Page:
Matthews, S.M., J.M. Higley, J.T. Finn, K.M. Rennie, C.M. Thompson, K.L. Purcell, R.A. Sweitzer, S.L. Haire, P.R. Sievert, and T.K. Fuller. 2013. An evaluation of a weaning index for wild fishers (/Pekania [Martes] pennanti/) in California. Journal of Mammalogy 94:1161-1168.
Buuveibaatar, B., T.K. Fuller, A.E. Fine, and B. Chimeddorj, J. K. Young, and J. Berger. 2013. Changes in grouping patterns of saiga in relation to intrinsic and environmental factors in Mongolia. Journal of Zoology 291:51-58.
Calkins, E.S., T.K. Fuller, C.S. Asa, P.R. Sievert, and T.J. Coonan. 2013. Factors influencing reproductive success and litter size in captive island foxes. Journal of Wildlife Management. 77:346-351.
Matthews, S.M., J.M. Higley, K.M. Rennie, R.E. Green, C.A. Goddard, G.M.Wengert, M.W. Gabriel, and T.K. Fuller. 2013. Reproduction, recruitment, and dispersal of fishers (Martes pennanti) in a managed, Douglas-fir forest in California. Journal of Mammalogy 94:100-108.
Buuveibaatar, B., J.K. Young, J. Berger, A. Fine, Lhagvasuren B., P. Zahler, and T.K. Fuller. 2013. Factors affecting survival and cause-specific mortality of saiga calves in Mongolia. Journal of Mammalogy 94:127-136.
McCarthy, J., T. K. Fuller, K. McCarthy, H. Wibisono, and M. Livolsi. 2012. Using camera trap photos and direct sightings to identify possible refugia for the Sumatran striped rabbit Nesolagus netscheri. Oryx 46:438-441.
HONORS 391A – Honors Seminar 2 (1 cr) – Fall
Jaguars are an iconic species of the Americas that have played a critical ecological role in ecosystems from the southwest U.S. to Patagonia, and a deep cultural role in human societies. We explore the ecology and history of jaguars in the Americas, especially the variation in their habits, their perceived value (good and bad) to humans, and the current efforts to conserve them. A combination of readings in popular books and scientific articles, and videos will be used to better understand the current status and potential future of jaguars. Individual research projects related to the course material will be developed and presented by semester’s end.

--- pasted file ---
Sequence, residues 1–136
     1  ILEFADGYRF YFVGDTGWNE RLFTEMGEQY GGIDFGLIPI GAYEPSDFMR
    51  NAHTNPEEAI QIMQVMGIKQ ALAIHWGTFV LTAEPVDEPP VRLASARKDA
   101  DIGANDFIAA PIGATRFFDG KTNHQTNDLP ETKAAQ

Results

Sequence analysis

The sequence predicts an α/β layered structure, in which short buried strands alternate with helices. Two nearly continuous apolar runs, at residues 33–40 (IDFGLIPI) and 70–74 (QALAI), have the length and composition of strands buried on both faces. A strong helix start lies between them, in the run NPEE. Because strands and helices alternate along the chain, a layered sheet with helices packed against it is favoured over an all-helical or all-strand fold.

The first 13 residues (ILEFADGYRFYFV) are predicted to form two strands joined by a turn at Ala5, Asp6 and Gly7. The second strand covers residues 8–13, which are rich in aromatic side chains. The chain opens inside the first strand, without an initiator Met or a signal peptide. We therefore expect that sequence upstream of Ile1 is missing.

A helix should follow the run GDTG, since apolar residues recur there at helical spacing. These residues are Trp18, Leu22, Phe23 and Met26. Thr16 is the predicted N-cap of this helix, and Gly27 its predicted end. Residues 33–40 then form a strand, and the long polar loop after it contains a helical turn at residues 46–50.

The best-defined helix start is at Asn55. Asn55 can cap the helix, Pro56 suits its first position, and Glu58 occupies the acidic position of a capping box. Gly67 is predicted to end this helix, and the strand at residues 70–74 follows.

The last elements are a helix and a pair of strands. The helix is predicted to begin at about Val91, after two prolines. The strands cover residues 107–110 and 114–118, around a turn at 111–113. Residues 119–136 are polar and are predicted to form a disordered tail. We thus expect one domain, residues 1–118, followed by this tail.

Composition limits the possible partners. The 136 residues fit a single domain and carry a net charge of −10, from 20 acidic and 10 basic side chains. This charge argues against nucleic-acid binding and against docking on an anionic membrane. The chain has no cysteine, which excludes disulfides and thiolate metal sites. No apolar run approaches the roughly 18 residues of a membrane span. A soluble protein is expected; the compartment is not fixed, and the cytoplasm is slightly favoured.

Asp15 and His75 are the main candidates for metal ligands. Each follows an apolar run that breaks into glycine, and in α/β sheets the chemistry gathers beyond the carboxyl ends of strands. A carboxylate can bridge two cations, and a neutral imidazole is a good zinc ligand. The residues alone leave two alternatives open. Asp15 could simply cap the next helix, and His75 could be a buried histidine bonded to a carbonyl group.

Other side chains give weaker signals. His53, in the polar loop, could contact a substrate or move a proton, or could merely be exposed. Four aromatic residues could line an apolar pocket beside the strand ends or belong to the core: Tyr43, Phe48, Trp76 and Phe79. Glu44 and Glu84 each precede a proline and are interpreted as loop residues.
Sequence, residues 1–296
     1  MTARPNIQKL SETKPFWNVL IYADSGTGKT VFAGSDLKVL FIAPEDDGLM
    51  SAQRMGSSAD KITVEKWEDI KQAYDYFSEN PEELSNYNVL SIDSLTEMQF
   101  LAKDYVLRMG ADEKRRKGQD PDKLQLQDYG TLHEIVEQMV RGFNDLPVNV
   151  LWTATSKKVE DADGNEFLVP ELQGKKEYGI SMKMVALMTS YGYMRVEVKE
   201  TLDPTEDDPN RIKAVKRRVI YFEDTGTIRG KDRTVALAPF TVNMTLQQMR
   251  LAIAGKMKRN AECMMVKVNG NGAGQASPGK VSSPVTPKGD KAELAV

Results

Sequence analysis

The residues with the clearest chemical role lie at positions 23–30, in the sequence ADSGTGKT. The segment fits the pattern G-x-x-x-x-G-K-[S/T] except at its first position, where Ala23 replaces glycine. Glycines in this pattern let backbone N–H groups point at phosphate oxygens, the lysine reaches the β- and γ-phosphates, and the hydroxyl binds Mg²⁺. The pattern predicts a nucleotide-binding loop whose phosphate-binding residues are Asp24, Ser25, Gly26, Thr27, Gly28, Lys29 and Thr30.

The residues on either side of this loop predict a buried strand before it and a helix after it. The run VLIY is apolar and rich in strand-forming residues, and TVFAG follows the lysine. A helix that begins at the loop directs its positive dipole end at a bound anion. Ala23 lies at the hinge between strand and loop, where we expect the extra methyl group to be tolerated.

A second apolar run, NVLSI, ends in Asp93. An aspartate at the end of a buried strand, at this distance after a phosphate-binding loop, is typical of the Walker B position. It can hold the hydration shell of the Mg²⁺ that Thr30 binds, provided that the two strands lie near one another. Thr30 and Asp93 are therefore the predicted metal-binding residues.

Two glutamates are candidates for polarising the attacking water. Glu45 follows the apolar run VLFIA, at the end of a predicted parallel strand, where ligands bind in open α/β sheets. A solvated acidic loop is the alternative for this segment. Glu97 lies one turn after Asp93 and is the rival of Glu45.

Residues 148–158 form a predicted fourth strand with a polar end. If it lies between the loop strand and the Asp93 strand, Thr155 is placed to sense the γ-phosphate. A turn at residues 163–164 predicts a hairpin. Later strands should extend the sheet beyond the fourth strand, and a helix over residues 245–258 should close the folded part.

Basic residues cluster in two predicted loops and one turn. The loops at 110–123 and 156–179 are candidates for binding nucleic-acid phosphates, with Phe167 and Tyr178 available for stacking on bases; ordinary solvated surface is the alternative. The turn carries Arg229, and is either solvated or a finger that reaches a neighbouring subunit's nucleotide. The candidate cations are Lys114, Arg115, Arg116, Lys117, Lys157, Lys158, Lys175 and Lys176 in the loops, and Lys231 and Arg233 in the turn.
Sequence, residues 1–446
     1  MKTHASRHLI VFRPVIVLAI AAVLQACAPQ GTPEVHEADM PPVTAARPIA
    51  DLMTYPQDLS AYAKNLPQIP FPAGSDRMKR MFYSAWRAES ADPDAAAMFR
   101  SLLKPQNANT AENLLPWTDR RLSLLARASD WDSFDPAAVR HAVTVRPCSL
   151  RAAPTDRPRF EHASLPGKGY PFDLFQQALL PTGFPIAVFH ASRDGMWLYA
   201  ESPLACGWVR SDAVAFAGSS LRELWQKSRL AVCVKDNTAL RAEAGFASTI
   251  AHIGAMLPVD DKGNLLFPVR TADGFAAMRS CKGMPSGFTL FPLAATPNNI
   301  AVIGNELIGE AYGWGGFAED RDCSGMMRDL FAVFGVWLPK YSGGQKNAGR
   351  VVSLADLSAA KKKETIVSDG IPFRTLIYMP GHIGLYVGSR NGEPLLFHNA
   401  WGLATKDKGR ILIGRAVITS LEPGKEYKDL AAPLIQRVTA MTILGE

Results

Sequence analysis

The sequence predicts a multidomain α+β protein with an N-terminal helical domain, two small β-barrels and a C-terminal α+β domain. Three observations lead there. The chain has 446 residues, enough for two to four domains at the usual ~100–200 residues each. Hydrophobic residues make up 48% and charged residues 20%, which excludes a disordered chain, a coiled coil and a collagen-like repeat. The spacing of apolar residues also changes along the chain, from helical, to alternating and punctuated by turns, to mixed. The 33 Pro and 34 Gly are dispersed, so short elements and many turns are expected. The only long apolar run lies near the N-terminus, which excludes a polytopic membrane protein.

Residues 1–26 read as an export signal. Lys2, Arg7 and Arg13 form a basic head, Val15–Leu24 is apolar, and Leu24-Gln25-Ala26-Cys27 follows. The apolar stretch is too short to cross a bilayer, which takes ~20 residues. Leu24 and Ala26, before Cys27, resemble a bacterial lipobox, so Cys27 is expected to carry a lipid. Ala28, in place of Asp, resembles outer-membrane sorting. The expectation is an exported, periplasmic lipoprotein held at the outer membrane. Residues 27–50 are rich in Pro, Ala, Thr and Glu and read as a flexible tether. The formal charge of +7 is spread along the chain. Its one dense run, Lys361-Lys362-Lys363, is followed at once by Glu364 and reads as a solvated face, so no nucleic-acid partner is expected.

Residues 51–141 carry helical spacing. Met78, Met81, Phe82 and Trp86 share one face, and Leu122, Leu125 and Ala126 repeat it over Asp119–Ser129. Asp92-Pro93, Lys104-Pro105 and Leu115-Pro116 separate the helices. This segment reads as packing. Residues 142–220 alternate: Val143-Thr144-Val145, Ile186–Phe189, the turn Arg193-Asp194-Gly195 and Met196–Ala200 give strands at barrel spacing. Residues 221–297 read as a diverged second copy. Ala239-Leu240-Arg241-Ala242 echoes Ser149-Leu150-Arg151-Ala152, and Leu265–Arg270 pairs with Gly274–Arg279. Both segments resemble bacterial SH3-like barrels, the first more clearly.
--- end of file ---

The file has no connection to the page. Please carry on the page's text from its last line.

NRC 211 – Animal Sampling & Identification (1 cr) – Spring
This course provides students with basic skills needed to identify terrestrial vertebrate wildlife and gives them hands on opportunities to utilize typical means of capturing, sampling, and studying such organisms in the field.
NRC 261 Wildlife Conservation (3 cr) – Spring
An introduction to wildlife conservation through lectures and assigned readings concerning ecological processes (including animal behavior, habitat interactions, and population dynamics), effects of humans on life around them, and the wise stewardship of our natural resources. Case studies of various species are used to illustrate the complexities of most conservation and management situations, but also to identify the common themes encountered in wildlife conservation efforts. Emphases include understanding the integral link between wildlife and their environments, the impacts humans have on wildlife (both positive and negative), and the various methods by which wildlife populations are monitored, managed, and preserved.
NRC 391A – Curriculum Planning (1cr.) – Spring
Development of individualized curricula for the NRC Environmental Conservation Concentration’s elective credits. Discussion of University and program graduation requirements, minors, domestic and international exchange programs, internships, and job searches, career planning, etc.
ECO 758 Advanced Wildlife Management (3cr) – Fall
A discussion course with varying current topics in wildlife management and conservation, potentially including topics such as population demography and ecology, habitat assessment and management, wildlife in a changing climate, reintroduction biology, conservation behavior, migratory bird management and conservation, or suburban wildlife ecology and management. Open to Graduate students only.
Page updated: March 6, 2015